The Cairo swing is a colorful triumph with ten meetings over the course of two days. The whirlwind go-round is propelled by the drive, intellect, contacts and English of Ala and Elfe of EFG. I sit with top men in all meetings. Most recall, “The American who writes forward, like us" per mirror image from right to left. The only blight is ours, that Elfe the organizer was notified just before my arrival, causing last-minute scrambling among prominent parties. Remember, efficiency is a high virtue anywhere. This country's report comes typed at the last broker before departure, and is sent overnight mail. The dual purposes in Egypt were to make market contacts at the exchange and houses, and to investigate privatization with investment intent, and I'm satisfied with the results. I'll make the weekly phone call to Niedco tonight.
It is seen among the Egyptian top brokers that the best have charismatic ramrods. It’s all so very attractive, as I told the dogs in veterinary school, “But don’t pick up the first big bone because the next may taste better.” My top broker pick is EFG for reasons given, but the others have such distinct flavors why not pick two? Second choice is Nassef, the dual chairman at his brokerage and the exchange. Rarely, but that day much went into the first handshake, and I’m reminded of prizefighters taking in what’s possible at the touch, withholding much, and imparting one’s code of ethics. In his fifties, he was the Egyptian gymnastic rings champ. “There is no conflict in running a brokerage as well as the exchange. How could there be?” Delta as oddball broker with a dynamic lady leder can be trusted in a questionable market. Most desert flowers bloom and perish, but this new one I think will survive. The choice is yours.
The lower indicators show a dull green light growing brighter. I don’t advise jumping into a place where there’s grease and blckouts. While the dress and manners of the teaming masses in the noisy streets resemble skid rows, the business sector is westernized. I like the integrity and pride fostered in big businessmen by the burgeoning market. I think as the market expands and the economy climbs, a plateau will be gained where the hardworking populace below will trot into place like herds, furthering the country’s advancement. That will be the boom. Egypt could become westernized overnight. In short, wait one year. Watch the veils.
I stop at Dubai, a constituent of the United Arab Emirates, to invest my curiosity only. One could walk border to border in two days and finish for a dip in the Persian Gulf, but I spend the time afoot in the fascinating Dubai City. An original fishing settlement having expanded along both banks of a creek plied by paddlers and small boats, the present international business district is connected by a tunnel and two bridges. Knee-length Kurta shirts with matching baggy Shalwear pants replace suits and males glide in these long white robes between old mosques and posh malls. They are a sturdy, intelligent people from what I see, but over-fed by the rich oil spoon here in the city. I’m told imported contract labor –apparent wherever a broom or shovel is lifted - includes housing and no option to marry or immigrate. My glance around the city reveals a planned, modern face of concrete and glass built on the 1966 discovery of oil; however, the minds under those sheets suggest a culture deeply rooted in Islamic tradition. People are strange when you’re a stranger, odder still as I’m ignored in the city. Never on balance but content, I exit back onto the emerging market tour.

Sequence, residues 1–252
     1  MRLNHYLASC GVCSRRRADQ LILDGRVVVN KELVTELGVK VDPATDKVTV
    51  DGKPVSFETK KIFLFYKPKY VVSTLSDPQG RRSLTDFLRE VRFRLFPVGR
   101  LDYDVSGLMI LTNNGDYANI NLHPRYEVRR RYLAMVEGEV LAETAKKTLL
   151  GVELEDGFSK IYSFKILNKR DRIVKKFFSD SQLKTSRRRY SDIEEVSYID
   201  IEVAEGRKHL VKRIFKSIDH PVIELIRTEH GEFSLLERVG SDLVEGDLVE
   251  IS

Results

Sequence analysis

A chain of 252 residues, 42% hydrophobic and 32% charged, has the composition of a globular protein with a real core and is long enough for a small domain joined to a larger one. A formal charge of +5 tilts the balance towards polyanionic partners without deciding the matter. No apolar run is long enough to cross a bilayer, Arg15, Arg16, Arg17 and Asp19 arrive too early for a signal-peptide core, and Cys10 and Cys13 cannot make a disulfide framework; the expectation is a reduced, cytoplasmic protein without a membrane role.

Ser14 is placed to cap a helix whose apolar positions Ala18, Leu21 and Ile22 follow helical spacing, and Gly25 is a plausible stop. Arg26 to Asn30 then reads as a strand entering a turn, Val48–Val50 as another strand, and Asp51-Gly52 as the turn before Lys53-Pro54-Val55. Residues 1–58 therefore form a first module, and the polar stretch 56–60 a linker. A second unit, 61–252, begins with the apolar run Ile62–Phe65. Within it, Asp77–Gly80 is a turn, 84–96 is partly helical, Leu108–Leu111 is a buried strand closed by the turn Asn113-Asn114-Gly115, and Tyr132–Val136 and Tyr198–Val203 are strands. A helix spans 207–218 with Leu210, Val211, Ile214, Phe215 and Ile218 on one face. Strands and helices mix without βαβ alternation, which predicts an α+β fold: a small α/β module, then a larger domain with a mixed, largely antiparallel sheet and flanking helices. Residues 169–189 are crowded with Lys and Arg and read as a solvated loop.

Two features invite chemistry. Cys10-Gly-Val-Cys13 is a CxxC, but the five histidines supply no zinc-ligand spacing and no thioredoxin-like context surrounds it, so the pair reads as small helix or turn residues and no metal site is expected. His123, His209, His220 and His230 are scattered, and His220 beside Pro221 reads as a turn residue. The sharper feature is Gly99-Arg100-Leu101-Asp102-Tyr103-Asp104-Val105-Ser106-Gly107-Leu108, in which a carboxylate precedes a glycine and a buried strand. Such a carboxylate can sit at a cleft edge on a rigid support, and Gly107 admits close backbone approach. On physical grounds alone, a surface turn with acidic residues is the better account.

Yankee Hobo continues the trail in Part II in the Philippines, Korea, Indonesia, Thailand and Turkey, plus an Impact.
YANKEE HOBO IN THE WORLD EMERGING MARKETS
Bo Keeley ‘02
The emerging market trail was salted with surprises in part one. This second part picks up wiith five countries to the end, and then some.
Preface: Hold these three things before investing here: Schools are the best kept and attended of anywhere on tour, the people are honest, and they love to gamble – from cockfights to market pits. Gauge the countrymen’s pleasure and learn his misery.
The exchange resembles a basketball stadium with “a Hong Kong scoreboard” – electronic, 4-sided, and suspended from the high ceiling - so prices are read from all angles. 80 little dealer cubicles cover the floor. Everything is modern, and minds fly fast.
Across Manila lays the other market exchange with a hundred traders. I didn’t tour this, but am told it resembles the main event described above. The bigger firms are computer-linked to the exchanges. The hours for each are Mon.–Fri. 0930–1200.
I meet Hagedorn Securities, Albacus, Peregrine, and Angping Capital spread over three days because of congested streets. I’m informed store and bank robberies, common in years past, now hardly exit for there’s no chance of car getaway.